PCGS65 Member

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    BT both pics look like an A3 stock to me?
     
  10. buttrap

    buttrap Member

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    The messed with gun has a 1903-A1 stock on it as it has the side screws and not the pins they used on the A3 guns. Plus the thing has rebuild blued out of the parts bin parts on it they used on the 1903-A1 03 cross jobs. The main tip off is it has that grey repark color vs bring bright green.
     
  11. PCGS65

    PCGS65 Member

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    Very well BT.
    I just purchased a 1918-1903 springfield mixmaster, though a nice rebuild job in '42?
    If I get around to it I'll take some pics tomorrow and post them here for critiqing. :uhoh:
     
  12. lencac

    lencac Member

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    Uh ............ interesting

    Obviously you need a lesson. This is a 1903A3 and nothing else. 1903's and 1903A1's had the rear sight on the barrel and 1903A3's have the rear sight on a dovetail at the rear of the receiver. So the rear sight and dovetail might be a pretty good indication it 's and A3 and not any type of 03 or A1, but who knows, I could be full of it.:neener:
    Second, the original finish on Remington built 1903A3's for the date of the serial number was barrel, front sight (minus the blade), receiver and the bolt sleeve were parkerized. All the rest of the hardware was blued. If the A3's were ever shipped back to the arsenal for a rework they were out fitted with C-type stocks. But if it was reworked it would have 2 dimples punched in the receiver under the serial number.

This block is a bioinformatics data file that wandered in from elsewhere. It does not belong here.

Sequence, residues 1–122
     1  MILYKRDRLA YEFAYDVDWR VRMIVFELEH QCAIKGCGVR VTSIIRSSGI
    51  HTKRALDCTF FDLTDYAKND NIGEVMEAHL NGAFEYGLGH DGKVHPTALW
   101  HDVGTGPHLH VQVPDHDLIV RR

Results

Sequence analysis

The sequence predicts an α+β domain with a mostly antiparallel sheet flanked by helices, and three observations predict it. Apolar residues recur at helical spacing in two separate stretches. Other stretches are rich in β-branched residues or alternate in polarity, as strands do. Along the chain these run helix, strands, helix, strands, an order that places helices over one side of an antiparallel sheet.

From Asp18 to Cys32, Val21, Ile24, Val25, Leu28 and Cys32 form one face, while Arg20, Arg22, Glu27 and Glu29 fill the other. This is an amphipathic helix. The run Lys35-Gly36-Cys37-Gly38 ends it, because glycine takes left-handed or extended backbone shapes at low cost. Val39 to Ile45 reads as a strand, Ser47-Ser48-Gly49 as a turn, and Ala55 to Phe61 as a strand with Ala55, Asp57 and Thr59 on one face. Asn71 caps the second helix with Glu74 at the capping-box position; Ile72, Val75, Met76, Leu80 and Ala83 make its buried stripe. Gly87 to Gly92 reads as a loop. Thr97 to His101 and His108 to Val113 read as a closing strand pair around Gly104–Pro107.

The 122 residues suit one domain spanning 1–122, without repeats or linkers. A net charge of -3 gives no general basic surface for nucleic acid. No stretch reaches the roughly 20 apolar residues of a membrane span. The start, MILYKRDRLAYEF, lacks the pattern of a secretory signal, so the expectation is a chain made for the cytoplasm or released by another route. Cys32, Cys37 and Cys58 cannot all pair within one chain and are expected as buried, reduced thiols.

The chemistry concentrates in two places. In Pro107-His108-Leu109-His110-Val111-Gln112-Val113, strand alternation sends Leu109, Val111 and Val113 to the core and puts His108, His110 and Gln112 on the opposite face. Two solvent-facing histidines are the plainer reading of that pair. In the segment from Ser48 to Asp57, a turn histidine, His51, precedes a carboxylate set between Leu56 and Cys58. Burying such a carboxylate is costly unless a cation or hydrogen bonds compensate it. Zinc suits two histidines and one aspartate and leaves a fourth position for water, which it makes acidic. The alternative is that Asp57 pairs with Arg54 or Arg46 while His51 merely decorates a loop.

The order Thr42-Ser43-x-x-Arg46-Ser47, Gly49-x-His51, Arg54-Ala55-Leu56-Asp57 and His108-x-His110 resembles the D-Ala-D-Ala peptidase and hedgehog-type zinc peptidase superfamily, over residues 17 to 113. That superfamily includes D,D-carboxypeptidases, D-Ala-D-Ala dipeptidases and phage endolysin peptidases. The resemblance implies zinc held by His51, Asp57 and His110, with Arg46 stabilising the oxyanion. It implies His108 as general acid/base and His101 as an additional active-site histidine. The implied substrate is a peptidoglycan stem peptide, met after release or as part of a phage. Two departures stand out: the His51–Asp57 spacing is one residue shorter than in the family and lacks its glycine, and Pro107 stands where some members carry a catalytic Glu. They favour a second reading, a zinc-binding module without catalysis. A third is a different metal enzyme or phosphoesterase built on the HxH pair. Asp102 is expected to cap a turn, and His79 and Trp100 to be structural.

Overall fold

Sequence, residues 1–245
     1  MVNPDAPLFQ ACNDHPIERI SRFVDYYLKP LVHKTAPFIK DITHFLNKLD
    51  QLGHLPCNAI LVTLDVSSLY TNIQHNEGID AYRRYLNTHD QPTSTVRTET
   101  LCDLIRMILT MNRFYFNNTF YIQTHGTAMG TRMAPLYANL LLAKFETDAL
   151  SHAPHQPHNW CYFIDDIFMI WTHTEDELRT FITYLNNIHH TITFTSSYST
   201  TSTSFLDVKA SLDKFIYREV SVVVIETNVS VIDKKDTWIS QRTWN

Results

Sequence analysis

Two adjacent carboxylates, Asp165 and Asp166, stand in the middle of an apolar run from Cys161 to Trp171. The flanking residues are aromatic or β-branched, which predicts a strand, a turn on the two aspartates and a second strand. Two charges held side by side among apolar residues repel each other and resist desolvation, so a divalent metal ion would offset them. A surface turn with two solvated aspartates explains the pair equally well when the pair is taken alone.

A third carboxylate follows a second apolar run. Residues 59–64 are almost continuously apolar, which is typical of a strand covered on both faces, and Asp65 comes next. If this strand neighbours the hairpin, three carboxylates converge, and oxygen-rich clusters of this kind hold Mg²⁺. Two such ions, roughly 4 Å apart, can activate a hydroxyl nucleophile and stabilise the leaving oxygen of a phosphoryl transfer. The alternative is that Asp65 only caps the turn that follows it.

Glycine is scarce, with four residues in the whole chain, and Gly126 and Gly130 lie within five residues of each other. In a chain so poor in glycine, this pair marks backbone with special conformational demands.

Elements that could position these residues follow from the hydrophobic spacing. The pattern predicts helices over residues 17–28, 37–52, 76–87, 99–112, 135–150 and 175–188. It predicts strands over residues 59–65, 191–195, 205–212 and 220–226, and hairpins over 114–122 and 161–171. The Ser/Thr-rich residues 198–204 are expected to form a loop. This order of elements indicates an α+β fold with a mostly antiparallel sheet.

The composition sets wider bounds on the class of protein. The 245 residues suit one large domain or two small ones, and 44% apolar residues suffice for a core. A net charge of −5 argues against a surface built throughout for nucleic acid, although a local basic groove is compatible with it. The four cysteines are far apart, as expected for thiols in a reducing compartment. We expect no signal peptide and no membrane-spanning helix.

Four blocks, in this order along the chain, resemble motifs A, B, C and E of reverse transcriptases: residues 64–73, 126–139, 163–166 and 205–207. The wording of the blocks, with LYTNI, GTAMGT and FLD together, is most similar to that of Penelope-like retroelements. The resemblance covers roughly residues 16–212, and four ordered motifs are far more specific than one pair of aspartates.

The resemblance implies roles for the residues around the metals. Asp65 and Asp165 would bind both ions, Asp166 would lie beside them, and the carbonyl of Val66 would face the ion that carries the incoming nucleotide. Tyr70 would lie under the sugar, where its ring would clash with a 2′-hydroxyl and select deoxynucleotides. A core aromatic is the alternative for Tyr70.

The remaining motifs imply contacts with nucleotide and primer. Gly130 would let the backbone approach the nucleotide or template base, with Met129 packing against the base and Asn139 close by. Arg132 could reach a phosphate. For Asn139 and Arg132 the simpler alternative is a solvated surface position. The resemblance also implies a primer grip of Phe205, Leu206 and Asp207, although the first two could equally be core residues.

Come on guys .................... none of you have figured it out yet. Put your thinking caps on. :scrutiny:

    More pics are not needed for the right answer. You have everything you need. :cool:
     
  13. buttrap

    buttrap Member

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    Me thinks you could use a lesson but thats beside the point. it as if it had any blue on it the thing is not a A3..its a rem trans pre A-3 with left over with A-1 parts then. Rem made the 1903 up to 1942 and mixed a lot of parts at times when they came out wiht the A-3 And that thing does have a 1903-A1 stock on it too.